Whistleblower reveals Google’s plans to launch a censored search engine in China
Google is planning a restricted version of its search engine that will comply with China’s censorship laws, according to The Intercept. The proposition, code-named Dragonfly, will reportedly “blacklist sensitive queries” and block China’s restricted websites.
The project has been underway since last spring. Operations accelerated following a meeting in December 2017 with Google’s CEO Sundar Pichai and a high-ranking Chinese government official.
The censorship will extend to websites and search terms related to peaceful dissent, free expression, and democracy. Google’s programmers have supposedly created a custom Android app with the potential names “Maotai” and “Longfei.”
The final product is forecast to launch in the next six to nine months if the Chinese government approves the app. The censorship will also include Google’s spell check, image search, and predicted search feature.
It has been almost a decade since the world’s largest search engine operated in China. The news illustrates a huge shift in Google’s agenda, who shut down the engine in 2010 on the basis that free speech was being repressed.
A spokesperson for Google stated “we provide a number of mobile apps in China, such as Google Translate and Files Go, help Chinese developers, and have made significant investments in Chinese companies like JD.com." They added "but we don't comment on speculation about future plans."
The animosity between the US and China is well established. Back in March, one of the leading US retailers Best Buy halted orders of Chinese Huawei smartphones as the company is part-owned by the Chinese government.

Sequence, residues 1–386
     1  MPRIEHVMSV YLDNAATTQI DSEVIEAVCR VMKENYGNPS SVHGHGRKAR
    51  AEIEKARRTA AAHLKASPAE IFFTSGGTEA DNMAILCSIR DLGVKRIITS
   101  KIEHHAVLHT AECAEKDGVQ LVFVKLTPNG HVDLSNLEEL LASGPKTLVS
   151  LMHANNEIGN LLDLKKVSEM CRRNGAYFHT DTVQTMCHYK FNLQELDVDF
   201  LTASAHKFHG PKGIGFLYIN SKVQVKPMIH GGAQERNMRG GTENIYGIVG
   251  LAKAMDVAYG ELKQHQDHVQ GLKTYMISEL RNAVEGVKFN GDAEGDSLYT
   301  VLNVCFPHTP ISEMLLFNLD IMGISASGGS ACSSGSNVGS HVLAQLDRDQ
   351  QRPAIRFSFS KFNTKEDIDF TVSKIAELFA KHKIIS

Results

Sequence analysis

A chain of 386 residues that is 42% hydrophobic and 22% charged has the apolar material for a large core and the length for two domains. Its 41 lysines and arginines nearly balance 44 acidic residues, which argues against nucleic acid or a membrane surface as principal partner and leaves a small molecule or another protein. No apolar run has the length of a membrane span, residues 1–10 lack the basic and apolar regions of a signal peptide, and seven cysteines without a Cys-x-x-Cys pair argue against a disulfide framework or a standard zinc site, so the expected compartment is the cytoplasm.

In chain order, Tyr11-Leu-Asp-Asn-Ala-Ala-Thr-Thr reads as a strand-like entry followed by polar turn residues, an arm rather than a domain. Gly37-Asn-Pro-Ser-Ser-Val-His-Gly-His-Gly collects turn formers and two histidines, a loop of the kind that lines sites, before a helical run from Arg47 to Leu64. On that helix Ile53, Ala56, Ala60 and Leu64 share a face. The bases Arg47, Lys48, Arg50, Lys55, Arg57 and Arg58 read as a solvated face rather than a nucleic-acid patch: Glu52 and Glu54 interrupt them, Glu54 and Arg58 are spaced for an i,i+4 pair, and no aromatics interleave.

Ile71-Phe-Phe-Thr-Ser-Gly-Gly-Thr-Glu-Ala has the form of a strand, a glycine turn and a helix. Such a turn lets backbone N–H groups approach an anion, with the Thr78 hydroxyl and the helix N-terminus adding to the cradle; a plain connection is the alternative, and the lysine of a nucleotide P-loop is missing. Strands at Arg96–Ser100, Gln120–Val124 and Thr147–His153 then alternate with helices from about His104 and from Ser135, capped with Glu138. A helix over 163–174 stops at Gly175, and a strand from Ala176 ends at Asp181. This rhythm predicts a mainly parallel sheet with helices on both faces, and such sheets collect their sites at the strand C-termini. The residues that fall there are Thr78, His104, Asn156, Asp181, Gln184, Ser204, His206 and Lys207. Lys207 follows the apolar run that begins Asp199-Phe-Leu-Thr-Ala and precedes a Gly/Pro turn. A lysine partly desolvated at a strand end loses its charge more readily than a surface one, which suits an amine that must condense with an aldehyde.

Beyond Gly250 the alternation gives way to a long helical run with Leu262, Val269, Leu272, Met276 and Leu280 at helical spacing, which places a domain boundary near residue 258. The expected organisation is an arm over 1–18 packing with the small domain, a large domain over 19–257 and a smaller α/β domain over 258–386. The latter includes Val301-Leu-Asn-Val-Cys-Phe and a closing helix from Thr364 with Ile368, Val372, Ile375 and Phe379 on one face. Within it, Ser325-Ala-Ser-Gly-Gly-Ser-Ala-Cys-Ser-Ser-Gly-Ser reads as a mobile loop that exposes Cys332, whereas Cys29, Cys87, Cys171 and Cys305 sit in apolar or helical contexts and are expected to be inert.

Huawei has since overtaken Apple to become the world’s second largest smartphone vendor. The Chinese smartphone maker sold approximately 54 million phones last quarter – 41% more than last year.
An anonymous source spoke to The Intercept regarding project Dragonfly on an ethical basis. The source stated “I’m against large companies and governments collaborating in the oppression of their people, and feel like transparency around what’s being done is in the public interest.”
Patrick Poon, a Hong Kong-based researcher with human rights group Amnesty International, echoed this sentiment. Poon said the project would be “a big disaster for the information age” and it “has very serious implications not just for China, but for all of us.”
“It will set a terrible precedent for many other companies who are still trying to do business in China while maintaining the principles of not succumbing to China’s censorship. The biggest search engine in the world obeying the censorship in China is a victory for the Chinese government – it sends a signal that nobody will bother to challenge the censorship any more,” Poon added.